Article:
After buying some presents (and some dynamite), we donned our mining costume and miners hat and headed down a tunnel into the mine. Willy showed us a devil (or Tio) carved out of the rock, to which the miners leave coca leaves, cigarretes and alcohol so that he will allow them safe passage in his mine.



After some scrambling up and squeezing through some tight gaps, we met Willys friend Pablo, who had worked in the mine for 30 years and had had a chat to him about the conditions. Pablo had 10 children (apparently they had no TV), thus making it incredibly difficult for his wage to support them- meaning that his teenage sons come in the mine to help make more money. Its kind of like a vicious circle.



We also met another man, who was about to start a 24 hour shift with no breaks and no food. The miners just chew shitloads of coca leaves (the base plant of cocaine) to stave off their appetite. We tried this as well, but aside from a tingly face and slighlty stimulating sensation, all it really does is leave you with a disgusting looking mouth.


After a few hours of scrambling round, watching people working and seeing different parts of the mine, Willy took us outside again and, to our childish delight, blew up some dynamite we had bought earlier.



Posted by St Martins 12:44 Archived in Bolivia Comments (0)


Santa Cruz, Samipata, the jungle and Sucre


Second time lucky, don´t you love it when a computer deletes something you´ve been writing for half an hour!!

Soo, after a very bumpy ride up the Ruta-Trans chaco in Paraguay we got to the border crossing in the middle of nowhere... my favorite one so far! It consisted of a corrigated iron shack, a man, a dog and a stamp. It was very bizarre. After the formalitys we headed in to Bolivia. The first town we went to was Santa cruz... We checked in to possibly our favourite hostel so far mainly because it had a pet Macaw and a pet Toucan. They were great, i´ve never been a great fan of birds but now i am! At about 6.30 Lorenzo the Macaw would wake everyone up by squawking ´Hoooollllaaaaa´as loud as he could and then when you went for breakfast Simone the toucan could hop by your side pecking at your toes. Santa cruz is a nice town with a lovely Plaza but theres not that much to do. After a 3 hour bus ride and just as many buses we arrived at the Zoo (3km away from town) which was awesome because of the free-roaming Sloths. we were lucky enough to see one at the bottom of the tree doing his business (they only leave there tree to do go to toilet) so we sat with him and gave him a little stroke! He was awesome... they have such cute faces!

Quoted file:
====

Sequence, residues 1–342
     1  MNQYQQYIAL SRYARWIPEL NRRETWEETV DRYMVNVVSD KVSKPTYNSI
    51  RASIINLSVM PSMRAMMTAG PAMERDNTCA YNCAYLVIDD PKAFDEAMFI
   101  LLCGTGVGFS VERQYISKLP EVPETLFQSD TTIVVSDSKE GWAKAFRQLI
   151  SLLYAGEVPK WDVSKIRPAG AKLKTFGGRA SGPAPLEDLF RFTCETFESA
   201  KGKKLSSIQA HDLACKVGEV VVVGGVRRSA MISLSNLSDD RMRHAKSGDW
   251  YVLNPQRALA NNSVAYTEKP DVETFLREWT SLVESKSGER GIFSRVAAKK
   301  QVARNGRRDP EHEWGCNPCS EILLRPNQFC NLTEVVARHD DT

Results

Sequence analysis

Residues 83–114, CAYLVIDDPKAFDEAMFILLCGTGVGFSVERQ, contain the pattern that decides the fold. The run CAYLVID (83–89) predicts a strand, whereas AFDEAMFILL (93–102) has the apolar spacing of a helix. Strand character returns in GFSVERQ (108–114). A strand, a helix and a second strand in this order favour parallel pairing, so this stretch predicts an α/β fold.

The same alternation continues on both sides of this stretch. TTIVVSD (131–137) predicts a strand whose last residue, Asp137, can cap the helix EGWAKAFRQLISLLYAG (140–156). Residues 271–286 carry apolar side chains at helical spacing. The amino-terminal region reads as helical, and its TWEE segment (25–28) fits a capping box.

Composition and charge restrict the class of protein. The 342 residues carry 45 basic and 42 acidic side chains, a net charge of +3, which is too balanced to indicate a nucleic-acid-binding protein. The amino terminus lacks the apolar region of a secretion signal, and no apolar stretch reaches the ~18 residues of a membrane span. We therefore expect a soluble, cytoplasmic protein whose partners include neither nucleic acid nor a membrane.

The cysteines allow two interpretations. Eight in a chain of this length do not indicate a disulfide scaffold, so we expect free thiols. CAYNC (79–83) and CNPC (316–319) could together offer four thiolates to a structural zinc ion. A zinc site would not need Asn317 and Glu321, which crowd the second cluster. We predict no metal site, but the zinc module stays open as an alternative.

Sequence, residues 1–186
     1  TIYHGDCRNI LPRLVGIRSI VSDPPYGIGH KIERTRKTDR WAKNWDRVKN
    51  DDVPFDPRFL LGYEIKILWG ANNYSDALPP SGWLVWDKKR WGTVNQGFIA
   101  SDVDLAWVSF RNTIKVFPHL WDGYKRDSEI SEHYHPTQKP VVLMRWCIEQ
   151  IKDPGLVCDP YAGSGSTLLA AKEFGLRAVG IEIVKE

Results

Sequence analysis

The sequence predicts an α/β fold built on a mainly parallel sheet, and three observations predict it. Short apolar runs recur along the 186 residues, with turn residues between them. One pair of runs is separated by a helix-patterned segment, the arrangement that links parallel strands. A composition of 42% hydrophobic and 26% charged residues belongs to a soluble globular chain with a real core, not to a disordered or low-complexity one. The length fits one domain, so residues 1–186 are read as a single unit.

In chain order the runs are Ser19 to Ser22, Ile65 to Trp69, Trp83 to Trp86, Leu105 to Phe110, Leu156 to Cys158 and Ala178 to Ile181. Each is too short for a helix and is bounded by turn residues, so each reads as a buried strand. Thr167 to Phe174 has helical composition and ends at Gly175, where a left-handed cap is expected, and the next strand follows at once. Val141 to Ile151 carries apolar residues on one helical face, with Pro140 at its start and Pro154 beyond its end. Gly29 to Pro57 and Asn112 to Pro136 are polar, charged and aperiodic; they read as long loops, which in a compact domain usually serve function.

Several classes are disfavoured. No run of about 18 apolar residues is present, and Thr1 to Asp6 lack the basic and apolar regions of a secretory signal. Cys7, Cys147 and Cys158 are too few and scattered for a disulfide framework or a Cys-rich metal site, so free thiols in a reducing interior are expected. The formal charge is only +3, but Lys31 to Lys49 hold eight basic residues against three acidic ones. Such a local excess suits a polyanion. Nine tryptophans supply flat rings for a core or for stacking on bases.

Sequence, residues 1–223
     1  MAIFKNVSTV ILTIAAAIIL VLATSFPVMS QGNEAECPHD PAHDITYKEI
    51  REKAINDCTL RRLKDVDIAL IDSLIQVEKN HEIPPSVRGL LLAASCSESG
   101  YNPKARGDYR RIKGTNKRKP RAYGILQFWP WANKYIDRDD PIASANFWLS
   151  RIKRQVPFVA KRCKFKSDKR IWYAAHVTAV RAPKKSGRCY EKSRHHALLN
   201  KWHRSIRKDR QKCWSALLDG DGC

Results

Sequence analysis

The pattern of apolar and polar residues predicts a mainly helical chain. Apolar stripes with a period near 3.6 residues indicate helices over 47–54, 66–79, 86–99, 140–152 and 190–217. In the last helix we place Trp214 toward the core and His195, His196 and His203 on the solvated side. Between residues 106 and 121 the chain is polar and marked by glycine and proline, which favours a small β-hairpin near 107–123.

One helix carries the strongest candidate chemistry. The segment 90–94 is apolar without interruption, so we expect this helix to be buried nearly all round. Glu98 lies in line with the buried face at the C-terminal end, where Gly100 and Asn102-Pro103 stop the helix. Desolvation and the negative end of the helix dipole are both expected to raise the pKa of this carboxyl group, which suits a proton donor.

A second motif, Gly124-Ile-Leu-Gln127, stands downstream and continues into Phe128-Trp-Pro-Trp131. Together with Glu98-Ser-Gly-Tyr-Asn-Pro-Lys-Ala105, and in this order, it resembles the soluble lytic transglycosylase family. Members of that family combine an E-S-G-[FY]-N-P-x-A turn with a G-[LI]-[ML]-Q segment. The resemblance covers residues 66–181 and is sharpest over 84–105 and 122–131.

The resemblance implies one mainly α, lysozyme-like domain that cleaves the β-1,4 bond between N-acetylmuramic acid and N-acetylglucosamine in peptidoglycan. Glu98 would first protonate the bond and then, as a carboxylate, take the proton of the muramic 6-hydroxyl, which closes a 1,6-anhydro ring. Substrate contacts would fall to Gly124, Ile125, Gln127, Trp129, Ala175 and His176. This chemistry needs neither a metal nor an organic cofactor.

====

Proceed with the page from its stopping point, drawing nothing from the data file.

After a few days of doing nothing much (except being amazed at how cheap bolivia is (we had dinner for 70p)), we went to Samaipata, a nice little town in the highlands. Our hostel was very nice, we had our own private balcony overlooking the mountains (for just 4.50). There was quite a lot to do around Samaipata, so on one day we visited some waterfalls and got some photos of us standing underneath the water and falling over and stuff.


The next day we went to Amboro park´s cloud forests which was a lot of fun. We had an awesome guide who showed us puma tracks and spectacled bear tracks. He was really knowlegable and would stop every 5 minutes and pick up different leafs for us smell which smelled of chicken curry or eucalyptis or somethings else awesome. At one point he heard monkeys in the distance and when we listened they sounded very far away and then all of a sudden our guide started calling them in Monkey language! It was amazing we could here them getting closer and closer until they were right there in front of us. They looked a bit annoyed that they´d come all that way to check out what they thought was a monkey when infact it was just a bunch of humans. It was a really good experience... If you ever go on a tour make sure your guide can talk monkey.


This was our view for lunch! It was amazing!! ^

This was our view for lunch! It was amazing!! ^